Gratitude, or rather practicing gratitude has been a hot topic over the last few years in the self help and personal development space, and for good reason (more on that shortly), but what exactly is gratitude?
A simple definition of gratitude is this: it is the quality of being thankful for the good things that happen in your life. And no, this does not have to get complicated or fancy. In fact, often it’s the simple things in life which we are guilty of taking for granted (and which we are the most grateful for). For example, this morning as I type these words I am grateful for my home (it’s safe, warm and acts as my safe haven in a big city), my hot cup of green tea I’m slowly sipping (I fell in love with this tea in Tasmania), and the view from my window out into nature (because who doesn’t love trees when you live in a city?)
Perhaps you already have a gratitude practice where you take the time on a regular basis to be thankful and express your gratitude? This may be in the form of a gratitude journal, a gratitude list, or even an evening practice at the dinner table. Sometimes I even just silently practice gratitude in my mind.
But here’s the thing when starting something new. New habits and practices can just feel really hard to get started with, especially if your head is already bursting at the seams with to-do lists, busy family commitments and the hustle and bustle of life. Am I right?
It’s all too easy to put off ‘extras’, especially if there is no tangible clear benefit or outcome. For example, if you started a weekly cleansing routine you’d start to see a visual benefit on your skin. If you started taking yoga classes on a regular basis, you’d notice an increase in flexibility – again, a benefit which you can visually see and take notice of.
You may be wondering what all the hype is about, and if there really are benefits to being thankful for the goodness in your life?
And if there are benefits, how do you create a practice that is going to work for you Maybe you’re just not a journal person? (and that’s totally ok by the way!) Maybe you hate lists? Maybe you’re just not a ‘routine’ kinda person?
The science is in my friends, and expressing our thanks, appreciation and gratitude can really improve your sense of wellbeing. What does this mean? Well it means you feel better on the inside. And if you’re suffering from stress, anxiety or depression, practicing gratitude can actually lift these negative heavy emotions.
In studies, grateful people have also been shown to be more agreeable, more open and also less neurotic. And who doesn’t want these things?!
Furthermore, being grateful builds our individual levels of self-control which in turn helps us to be more disciplined and focused towards our goals, and what is most important to us over the long term. Sounds pretty good to me.
I hope by now you are teetering on the edge in wondering how you can practice gratitude in your own life?
No you don’t need to carry a journal everywhere. You also don’t need to gather your nearest and dearest together every evening and share three things your grateful for (although if you did that’s wonderful!).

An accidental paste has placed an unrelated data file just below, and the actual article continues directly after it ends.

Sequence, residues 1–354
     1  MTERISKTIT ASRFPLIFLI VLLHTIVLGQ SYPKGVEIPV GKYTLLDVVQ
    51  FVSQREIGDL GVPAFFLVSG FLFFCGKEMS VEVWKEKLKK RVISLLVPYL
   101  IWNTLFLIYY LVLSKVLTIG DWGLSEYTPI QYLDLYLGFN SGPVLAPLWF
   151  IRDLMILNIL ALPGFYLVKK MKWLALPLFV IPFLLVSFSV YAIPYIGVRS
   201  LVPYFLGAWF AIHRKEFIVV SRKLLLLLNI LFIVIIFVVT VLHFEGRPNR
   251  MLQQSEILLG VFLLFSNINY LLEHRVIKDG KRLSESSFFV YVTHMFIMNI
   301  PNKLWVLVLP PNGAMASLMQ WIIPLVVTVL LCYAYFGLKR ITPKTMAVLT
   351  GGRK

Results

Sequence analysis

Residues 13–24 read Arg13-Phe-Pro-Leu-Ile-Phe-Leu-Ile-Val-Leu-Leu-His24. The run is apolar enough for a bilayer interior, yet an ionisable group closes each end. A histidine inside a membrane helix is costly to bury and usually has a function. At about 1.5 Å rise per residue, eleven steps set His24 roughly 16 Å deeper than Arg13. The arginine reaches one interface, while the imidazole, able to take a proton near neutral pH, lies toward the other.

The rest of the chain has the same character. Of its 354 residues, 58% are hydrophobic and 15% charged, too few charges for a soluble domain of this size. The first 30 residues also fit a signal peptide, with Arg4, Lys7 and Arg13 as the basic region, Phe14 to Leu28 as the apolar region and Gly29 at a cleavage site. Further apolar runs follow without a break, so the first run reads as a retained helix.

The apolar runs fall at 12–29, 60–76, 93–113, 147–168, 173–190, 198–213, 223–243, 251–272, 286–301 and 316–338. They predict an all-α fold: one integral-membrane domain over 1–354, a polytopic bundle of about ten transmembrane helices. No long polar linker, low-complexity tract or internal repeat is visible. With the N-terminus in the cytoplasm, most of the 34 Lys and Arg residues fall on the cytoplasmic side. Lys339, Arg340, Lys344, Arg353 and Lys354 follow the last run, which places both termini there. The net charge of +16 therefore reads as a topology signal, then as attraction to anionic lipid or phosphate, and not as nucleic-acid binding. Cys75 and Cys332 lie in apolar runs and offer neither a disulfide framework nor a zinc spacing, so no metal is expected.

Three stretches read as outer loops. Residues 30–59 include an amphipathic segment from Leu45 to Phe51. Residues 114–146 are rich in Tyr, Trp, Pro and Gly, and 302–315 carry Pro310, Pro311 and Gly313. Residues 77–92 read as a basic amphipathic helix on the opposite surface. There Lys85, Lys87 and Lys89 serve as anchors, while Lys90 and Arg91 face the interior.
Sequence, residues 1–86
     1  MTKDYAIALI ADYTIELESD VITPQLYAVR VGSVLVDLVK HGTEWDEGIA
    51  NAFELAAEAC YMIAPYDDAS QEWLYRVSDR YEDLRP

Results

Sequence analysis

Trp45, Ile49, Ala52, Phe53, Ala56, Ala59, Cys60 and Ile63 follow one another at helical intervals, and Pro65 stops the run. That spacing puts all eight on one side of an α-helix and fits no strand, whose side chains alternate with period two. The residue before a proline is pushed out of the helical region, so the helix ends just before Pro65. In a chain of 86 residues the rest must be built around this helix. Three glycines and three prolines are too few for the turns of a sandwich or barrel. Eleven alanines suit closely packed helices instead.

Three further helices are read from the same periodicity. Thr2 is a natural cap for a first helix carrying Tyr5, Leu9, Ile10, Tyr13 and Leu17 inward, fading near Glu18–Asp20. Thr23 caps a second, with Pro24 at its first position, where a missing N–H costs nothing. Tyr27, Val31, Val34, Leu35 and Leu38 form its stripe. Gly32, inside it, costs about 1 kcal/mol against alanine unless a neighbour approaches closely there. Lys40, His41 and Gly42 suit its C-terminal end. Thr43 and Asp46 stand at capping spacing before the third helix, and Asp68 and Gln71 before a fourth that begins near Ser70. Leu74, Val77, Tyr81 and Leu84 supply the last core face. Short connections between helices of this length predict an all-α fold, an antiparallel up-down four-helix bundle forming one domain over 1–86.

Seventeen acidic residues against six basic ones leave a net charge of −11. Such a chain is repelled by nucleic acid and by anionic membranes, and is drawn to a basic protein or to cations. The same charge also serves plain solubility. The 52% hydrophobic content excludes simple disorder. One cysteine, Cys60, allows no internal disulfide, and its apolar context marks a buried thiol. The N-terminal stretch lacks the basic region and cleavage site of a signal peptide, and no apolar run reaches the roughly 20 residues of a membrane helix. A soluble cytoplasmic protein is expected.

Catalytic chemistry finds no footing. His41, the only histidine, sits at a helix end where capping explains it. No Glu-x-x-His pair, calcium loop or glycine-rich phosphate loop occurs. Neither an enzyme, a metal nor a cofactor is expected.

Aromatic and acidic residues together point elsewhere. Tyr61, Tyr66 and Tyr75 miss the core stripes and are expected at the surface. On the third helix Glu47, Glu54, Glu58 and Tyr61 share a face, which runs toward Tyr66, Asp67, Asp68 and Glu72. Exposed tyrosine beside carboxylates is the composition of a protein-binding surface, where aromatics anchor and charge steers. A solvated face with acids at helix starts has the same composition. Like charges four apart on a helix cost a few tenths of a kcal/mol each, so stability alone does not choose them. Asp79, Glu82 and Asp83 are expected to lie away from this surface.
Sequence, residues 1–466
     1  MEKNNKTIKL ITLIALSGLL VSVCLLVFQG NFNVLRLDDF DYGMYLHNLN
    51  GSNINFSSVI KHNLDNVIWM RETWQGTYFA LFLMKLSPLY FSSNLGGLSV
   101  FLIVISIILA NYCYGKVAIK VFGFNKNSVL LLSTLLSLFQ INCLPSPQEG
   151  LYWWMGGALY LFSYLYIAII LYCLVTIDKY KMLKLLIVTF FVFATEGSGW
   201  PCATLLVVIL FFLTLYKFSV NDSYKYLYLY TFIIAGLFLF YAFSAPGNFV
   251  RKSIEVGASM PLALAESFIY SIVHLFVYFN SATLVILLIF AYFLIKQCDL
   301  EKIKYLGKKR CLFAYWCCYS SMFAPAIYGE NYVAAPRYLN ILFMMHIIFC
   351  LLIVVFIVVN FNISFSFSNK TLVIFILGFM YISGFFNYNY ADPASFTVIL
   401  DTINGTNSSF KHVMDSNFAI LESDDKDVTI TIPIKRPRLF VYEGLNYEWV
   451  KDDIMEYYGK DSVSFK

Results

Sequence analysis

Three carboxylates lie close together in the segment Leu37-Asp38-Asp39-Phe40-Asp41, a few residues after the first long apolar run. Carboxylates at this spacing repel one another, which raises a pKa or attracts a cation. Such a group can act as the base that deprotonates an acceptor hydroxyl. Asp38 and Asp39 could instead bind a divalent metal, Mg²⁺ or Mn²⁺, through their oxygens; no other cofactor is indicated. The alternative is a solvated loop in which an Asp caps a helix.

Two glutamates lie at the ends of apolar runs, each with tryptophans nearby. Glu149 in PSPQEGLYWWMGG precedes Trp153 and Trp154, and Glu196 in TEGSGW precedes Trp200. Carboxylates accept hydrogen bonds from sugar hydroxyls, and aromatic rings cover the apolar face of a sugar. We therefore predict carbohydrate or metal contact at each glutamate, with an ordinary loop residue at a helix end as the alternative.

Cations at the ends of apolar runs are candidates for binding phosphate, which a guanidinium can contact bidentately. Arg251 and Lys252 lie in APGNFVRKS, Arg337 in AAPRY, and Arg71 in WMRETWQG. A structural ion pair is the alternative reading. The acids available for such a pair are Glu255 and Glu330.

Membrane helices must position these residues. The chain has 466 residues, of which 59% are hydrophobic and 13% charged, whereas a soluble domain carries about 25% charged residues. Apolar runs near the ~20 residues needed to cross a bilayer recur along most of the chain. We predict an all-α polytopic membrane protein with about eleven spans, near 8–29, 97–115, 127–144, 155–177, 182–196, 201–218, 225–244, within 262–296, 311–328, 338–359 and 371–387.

Practicing gratitude can be as simple or as complicated as you want it to be.
Take my own journaling practice as an example. I have a journal but I don’t write in it regularly. I use it as a tool in times of overwhelm and to help me gain clarity. Writing down the thoughts in my mind is a way to lighten my load and acts as a springboard to my next step. If I had to sit down every evening at a specific time and write in a journal I would probably stop pretty soon. It’s just not my way. Instead I choose to honour the times when I want to journal, and this makes it a more personal and aligned experience.
There are no rules.
So if journalling is not your thing (welcome to my camp!), here are two simple ways to practice gratitude without the need for a pen and a notepad.
If something has touched your heart, stop and smile. Perhaps it’s the feel of warm air on your face when you’ve come in from the cold, tasting a delicious piece of chocolate cake, a driver letting you in on the road, a friend popping in to say hello.
You don’t need to spend time each evening reflecting back, you can simply acknowledge and be grateful in the moment. Smile.
2. Say thank you
It might be the bus driver, the taxi guy, the shop keeper, the postman… You don’t need to get all spiritual to practice gratitude. You don’t have to change your routine or how you live your life, you don’t have to write out affirmations or carry crystals in your pockets. You can simply say thank you and acknowledge the people around you. Two words. Thank you. And trust me, it’ll make a really positive difference not just to them but to you too.
I remember last winter when I popped out to buy a few things before heading out to a friend’s place for dinner. As I went to pay and pick up my bag, I looked at the cashier serving me eye to eye and said ‘thank you, stay warm’. He replied ‘thank you’ and then said ‘Do you know how few people actually acknowledge us behind here?’. He wished me a lovely evening and I continued on my way.
You could find yourself walking along the street and feeling grateful for the great team you work with, or for the loving partner you have in your life. You could even find yourself brushing your teeth in the morning thinking about all the things you have in your life to be grateful for.
You can choose of course whether to share your feelings of being thankful and appreciative with those around you, or simply reflect and feel that buzz of warmth spread through your body.
It feels good to be grateful. It’s good for you too.
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